Medication and Your Septic System

Medication on a table

We often urge septic system owners to keep a watchful eye on the items being flushed into their systems, but something that needs more attention is how certain medications can affect your system as well. In 1999, the EPA published an article that brought significant attention to the effect of pharmaceuticals being flushed down the toilet. Prior to that, the standard practice for safely disposing of unused prescription drugs was to flush them down the toilet. Since then, new standards for disposing of this medication have been established by the FDA, including medicine take-back programs, mixing them into kitty litter or coffee grounds and disposing them in the trash, and, in some very specific cases, safely flushing them down the toilet. However, recognizing which medicines are safe to flush into your septic system is only one part of the puzzle. We also need to be paying attention to the effect of the medication that reaches our septic system through human waste.

Medication’s “Natural” Path into Your Septic System

Since the epiphany surrounding the pitfalls of flushing certain medication down our toilets, the most common way for medications to enter our septic systems is through human waste. When we take any drug, a portion of the original parent drug does not get broken down by our bodies and is excreted in our waste. It is difficult to know precisely how much of the original drug remains, because it varies from person to person, but estimates indicate only about 90% of the drug is metabolized by our bodies. The undigested portion is removed from our bodies through natural elimination – through our waste or as sweat – which means we are either flushing or washing medication into our septic system anytime we take a prescription drug.

Medication’s Impact on Your Septic System

Septic systems, unlike sewage treatment plants, operate on a microscale. Because of this, the impact of these medications will be much greater and needs to be something all septic system owners are mindful of. As with the chemicals we flush into our septic systems, certain medications can have a devastating effect on your septic, if taken for an extended period of time. Antibiotics work within our bodies to kill off bad bacteria that is making us sick. Taken for a standard amount of time, usually less than two weeks, these undigested antibiotics will not have a significant impact on your septic’s ecosystem. However, over the long haul, antibiotics in your waste will kill of the bacteria in your septic system, making it far less efficient at breaking down the solids in the tank. Chemotherapy drugs have a similar effect on your septic system.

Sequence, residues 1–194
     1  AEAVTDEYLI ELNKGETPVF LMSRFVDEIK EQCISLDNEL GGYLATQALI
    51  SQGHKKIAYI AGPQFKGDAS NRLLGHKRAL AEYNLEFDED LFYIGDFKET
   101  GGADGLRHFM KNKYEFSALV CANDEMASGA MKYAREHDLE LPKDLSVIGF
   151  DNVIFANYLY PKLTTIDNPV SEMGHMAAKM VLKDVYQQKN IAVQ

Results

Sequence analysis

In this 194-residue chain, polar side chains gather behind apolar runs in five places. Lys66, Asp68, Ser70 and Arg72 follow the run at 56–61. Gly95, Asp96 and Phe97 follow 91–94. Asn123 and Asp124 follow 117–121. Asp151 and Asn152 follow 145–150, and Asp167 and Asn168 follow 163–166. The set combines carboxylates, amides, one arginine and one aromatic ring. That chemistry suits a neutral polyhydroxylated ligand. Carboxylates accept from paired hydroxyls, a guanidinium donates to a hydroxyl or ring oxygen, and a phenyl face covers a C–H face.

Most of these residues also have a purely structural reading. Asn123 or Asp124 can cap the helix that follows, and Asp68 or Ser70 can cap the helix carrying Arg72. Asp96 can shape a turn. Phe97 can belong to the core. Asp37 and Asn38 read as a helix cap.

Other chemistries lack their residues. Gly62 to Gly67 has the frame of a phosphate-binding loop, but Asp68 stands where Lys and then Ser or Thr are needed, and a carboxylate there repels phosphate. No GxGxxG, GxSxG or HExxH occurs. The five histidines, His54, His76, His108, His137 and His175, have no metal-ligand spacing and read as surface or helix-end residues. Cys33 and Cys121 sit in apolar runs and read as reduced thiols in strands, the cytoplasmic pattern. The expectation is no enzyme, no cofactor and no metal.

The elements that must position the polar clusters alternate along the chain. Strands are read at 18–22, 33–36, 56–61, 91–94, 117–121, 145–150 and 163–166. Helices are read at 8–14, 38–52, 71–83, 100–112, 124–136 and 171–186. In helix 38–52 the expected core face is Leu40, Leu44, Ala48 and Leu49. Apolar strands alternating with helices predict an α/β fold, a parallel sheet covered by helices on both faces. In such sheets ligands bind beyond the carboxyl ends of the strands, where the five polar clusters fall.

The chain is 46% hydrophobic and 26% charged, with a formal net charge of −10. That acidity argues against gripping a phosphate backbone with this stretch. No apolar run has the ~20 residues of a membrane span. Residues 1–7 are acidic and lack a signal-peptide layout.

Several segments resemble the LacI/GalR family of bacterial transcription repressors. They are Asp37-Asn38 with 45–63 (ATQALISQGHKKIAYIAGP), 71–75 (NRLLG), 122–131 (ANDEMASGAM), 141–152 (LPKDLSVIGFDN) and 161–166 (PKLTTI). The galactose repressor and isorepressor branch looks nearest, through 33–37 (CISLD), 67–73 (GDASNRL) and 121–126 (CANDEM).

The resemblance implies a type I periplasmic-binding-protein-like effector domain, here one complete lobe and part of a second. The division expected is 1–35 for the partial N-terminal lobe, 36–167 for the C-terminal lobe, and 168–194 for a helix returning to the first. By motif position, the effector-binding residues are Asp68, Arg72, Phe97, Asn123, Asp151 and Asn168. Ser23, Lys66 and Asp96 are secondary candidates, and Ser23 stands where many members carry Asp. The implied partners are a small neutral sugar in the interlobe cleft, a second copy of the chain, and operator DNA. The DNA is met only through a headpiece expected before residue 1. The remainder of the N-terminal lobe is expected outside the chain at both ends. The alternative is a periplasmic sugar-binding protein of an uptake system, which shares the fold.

What You Should Do about Medication in Your Septic System

These life-saving drugs are miracles of modern medicine, and we do not recommend foregoing their use to prevent complications for your septic system. However, there are some things you can do to counteract the effect of these medications on your septic system. If somebody in your home is expected to be prescribed these medications on a short-term basis (shorter than three months), your septic system should be able to recover on its own after the treatment has been completed. Cleaning the tank after they have finished taking the medication will help your septic system recover more quickly. If the drugs are to be taken longer than three months, there are some things you can do to protect your system. First, minimize the use of other products that are designed to kill bacteria – antibacterial soap, bleach, antibacterial household cleaners, etc. – as they will further stress the ecosystem in your septic. Second, after the treatment has begun, have your system evaluated to determine how the medication is effecting the septic ecosystem and whether it is functioning normally. You will want to continue more frequent periodic service calls while the medication is being taken, and then again once the treatment is complete to have the system pumped.

Have you or a member of your family been prescribed medication that may be affecting your septic system? Contact us today to schedule a service call!